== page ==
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UW Botanic Gardens Newsletter, Vol 7 Issue 8, August 2012
The Arboretum Foundation, Seattle Parks and Recreation, and the UW Botanic Gardens are launching a new volunteer initiative to help maintain Azalea Way, an historic component of Washington Park Arboretum's original Olmsted design. Flanked by a spectacular array of azaleas, rhododendrons, and other flowering shrubs and trees, Azalea Way runs for about two thirds of a mile from the Graham Visitors Center to the Japanese Garden and is one of the Arboretum’s most popular and enduring attractions.
The new Azalea Way Garden Stewards program is modeled on the Pacific Connections Gardens Stewards. The Azalea Way Garden Stewards will provide volunteer support to salaried Arboretum staff in caring for Azalea Way. The work will consist primarily of weeding, mulching, edging with hand tools and planting native ground covers. Stewards will receive special training from Arboretum staff and benefit from enrichment activities such as lectures and tours. The inaugural work party happened on August 7, but you can join the next work parties on Tuesday, September 4 and Saturday, September 29.
The UW School of Environmental and Forest Sciences Has a New Director
The UW School of Environmental and Forest Sciences, of which UW Botanic Gardens is part, has a new director. Thomas H. DeLuca, a soils and ecosystem scientist who studies natural resources sustainability, starts September 1 according to a UW press release. Responsibilities in his current position at Bangor University, Wales, includes serving as academic advocate for the Treborth Botanic Garden, a teaching garden that is open to the public.
Enter the Arboretum Digital Photo Contest For Kids!
Hey, kids, get out your digital cameras! If you are between 4 and 16, visit
A Glimpse Into the Past
August 2012 Plant Profile: Magnolia grandiflora (dwarf cultivars)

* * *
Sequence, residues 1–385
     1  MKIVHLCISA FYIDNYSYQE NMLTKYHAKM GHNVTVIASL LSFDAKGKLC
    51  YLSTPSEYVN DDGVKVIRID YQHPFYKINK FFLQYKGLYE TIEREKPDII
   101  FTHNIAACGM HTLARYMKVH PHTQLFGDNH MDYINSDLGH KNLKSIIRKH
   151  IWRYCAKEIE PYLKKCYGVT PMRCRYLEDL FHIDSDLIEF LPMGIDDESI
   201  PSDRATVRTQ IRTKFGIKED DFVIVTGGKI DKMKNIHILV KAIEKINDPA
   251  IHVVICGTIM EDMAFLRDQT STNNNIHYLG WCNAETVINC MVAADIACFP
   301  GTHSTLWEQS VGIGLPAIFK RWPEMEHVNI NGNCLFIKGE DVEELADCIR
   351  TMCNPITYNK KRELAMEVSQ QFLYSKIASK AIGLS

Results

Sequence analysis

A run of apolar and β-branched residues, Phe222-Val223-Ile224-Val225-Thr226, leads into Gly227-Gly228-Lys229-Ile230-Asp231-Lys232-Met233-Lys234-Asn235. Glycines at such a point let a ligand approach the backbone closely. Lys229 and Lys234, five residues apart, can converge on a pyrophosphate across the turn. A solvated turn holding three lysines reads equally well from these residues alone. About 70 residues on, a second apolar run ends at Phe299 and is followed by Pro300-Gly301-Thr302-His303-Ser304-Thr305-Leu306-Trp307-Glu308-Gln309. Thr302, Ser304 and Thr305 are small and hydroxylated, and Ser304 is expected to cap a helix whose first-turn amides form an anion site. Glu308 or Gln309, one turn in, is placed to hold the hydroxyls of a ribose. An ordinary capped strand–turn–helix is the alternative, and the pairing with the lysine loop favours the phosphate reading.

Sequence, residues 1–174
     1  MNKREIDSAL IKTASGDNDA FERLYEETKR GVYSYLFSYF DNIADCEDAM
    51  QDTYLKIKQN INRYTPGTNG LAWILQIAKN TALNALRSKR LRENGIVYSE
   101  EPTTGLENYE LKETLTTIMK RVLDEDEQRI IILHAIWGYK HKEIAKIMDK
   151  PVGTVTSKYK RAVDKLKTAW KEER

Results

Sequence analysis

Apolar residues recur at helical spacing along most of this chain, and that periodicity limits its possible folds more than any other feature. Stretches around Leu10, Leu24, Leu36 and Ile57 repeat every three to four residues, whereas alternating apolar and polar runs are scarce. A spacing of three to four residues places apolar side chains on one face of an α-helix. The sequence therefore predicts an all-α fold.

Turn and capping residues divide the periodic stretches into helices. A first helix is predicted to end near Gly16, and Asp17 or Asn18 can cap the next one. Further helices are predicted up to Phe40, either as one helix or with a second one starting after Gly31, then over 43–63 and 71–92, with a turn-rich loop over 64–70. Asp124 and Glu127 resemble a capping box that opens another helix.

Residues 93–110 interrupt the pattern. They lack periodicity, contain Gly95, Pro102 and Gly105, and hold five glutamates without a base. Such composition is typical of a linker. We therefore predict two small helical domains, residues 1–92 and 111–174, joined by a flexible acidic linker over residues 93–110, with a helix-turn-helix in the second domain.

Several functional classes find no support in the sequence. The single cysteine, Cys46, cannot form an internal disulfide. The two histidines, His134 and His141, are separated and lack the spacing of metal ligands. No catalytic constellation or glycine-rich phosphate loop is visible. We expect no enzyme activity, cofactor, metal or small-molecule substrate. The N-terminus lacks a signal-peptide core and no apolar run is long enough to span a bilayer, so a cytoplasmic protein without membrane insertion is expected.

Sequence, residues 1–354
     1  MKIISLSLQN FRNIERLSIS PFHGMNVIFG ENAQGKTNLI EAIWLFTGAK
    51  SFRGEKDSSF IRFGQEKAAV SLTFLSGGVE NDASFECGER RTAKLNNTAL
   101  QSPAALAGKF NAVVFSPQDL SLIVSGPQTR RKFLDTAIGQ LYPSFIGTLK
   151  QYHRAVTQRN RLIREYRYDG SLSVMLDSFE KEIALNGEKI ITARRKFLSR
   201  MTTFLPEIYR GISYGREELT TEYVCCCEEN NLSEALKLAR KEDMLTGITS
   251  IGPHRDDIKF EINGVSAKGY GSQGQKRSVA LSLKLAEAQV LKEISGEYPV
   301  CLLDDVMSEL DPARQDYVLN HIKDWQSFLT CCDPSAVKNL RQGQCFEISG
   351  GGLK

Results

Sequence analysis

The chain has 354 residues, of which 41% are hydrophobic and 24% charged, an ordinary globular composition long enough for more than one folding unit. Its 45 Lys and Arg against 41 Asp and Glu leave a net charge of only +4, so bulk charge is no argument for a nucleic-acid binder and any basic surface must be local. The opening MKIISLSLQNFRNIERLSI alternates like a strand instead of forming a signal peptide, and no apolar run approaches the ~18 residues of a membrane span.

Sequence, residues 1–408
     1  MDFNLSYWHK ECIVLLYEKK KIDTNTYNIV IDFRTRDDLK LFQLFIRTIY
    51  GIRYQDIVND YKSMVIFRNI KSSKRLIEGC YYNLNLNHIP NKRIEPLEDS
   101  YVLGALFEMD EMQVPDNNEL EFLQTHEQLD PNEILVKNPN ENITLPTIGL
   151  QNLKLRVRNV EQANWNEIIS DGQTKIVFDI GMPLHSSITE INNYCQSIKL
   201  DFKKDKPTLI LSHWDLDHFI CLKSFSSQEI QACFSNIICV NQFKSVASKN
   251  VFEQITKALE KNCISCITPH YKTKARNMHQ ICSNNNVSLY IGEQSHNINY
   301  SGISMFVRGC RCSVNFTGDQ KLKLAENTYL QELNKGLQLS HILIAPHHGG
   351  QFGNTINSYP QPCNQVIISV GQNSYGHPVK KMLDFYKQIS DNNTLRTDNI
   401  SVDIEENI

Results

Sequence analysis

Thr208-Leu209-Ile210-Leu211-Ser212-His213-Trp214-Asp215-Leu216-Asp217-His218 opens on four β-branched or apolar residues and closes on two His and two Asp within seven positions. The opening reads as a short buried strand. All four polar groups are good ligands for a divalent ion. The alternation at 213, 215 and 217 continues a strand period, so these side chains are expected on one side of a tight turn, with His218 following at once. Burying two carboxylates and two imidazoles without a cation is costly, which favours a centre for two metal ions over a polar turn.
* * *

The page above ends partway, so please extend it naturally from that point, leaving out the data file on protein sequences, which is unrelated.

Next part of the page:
(by Soest Gardener Riz Reyes) The bold presence of the Evergreen Southern Magnolia is truly a sight to behold in late summer as its creamy white blossoms unfurl, emitting a sweet and pleasantly pungent aroma that fills the warm air. One of the problems, however, is its eventual size. Most of the readily available cultivars will easily get too large for a small urban garden, but there are a handful of selections that stay at a reasonable height, yet still provide the exquisite deep green glossy foliage, russet brown undersides and, of course, the ethereal summer blooms.
The flower photographed here is one we have at CUH called ‘Baby Doll’. Unfortunately, it’s not readily available in the trade, but it possesses a wonderful mounded compact habit for a small tree. It stands about 10 feet tall and about 15 feet wide in canopy.
More commonly available in the trade is ‘Little Gem’, a handsome but sometimes overused selection. This still gets to be quite large when fully mature at 20-25 feet high, but this is much smaller than the standard selections. A little newer on the market are the promising ‘Teddy Bear’ and ‘Baby Grand’. Wonderful russet undersides are very prominent in ‘Teddy Bear’, as if the densely leaved selection is calling to be embraced. It has rounder foliage and a tidy and fairly uniform habit. The newest selection is dubbed ‘Baby Grand’ which has proven to be a performer under less than ideal conditions. It has a wonderful short stature that makes it great for large container work and it seems to be a great bloomer even on a young, establishing plant.
Magnolia grandiflora could almost be a staple in almost every landscape/garden. The plant looks wonderful year 'round, adds a nice tropical feel to the Pacific Northwest landscapes and its fabulous flowers in August are an absolute treat!
The Miller Library is Implementing A New Integrated Library System
It looks like the days of stamping a lending card to check out a book are drawing to a close at the Miller Library. They are working to put a new Integrated Library System (ILS) in place. This will allow them to automate their circulation system. Library patrons will be able to access the catalog online to see if a book has been checked out, and if it is, when it’s due back. You’ll also be able to go online to place holds on a book or renew library materials. The system will also generate automatic reminders when a book is due. The library staff will be busy adding barcodes to materials over the summer and they hope to have the new ILS in place later this year.
You can sign up now for the next Park in the Dark on Saturday, August 25 at 8pm. Night time is special at the Arboretum – the people and cars are gone, and the nocturnal animals move about. These night hikes are a chance for children and families to explore their senses, search for crepuscular and nocturnal movements in the forest and learn about night-related animal adaptations. The UWBG website has more information.
A seven-part evening class on Botanical Drawing starts on September 18. Learn the basics of classical botanical watercolor painting, which will include techniques in measurement, drawing, and understanding how light reveals form, along with practice in color mixing. You can find out more and register online.
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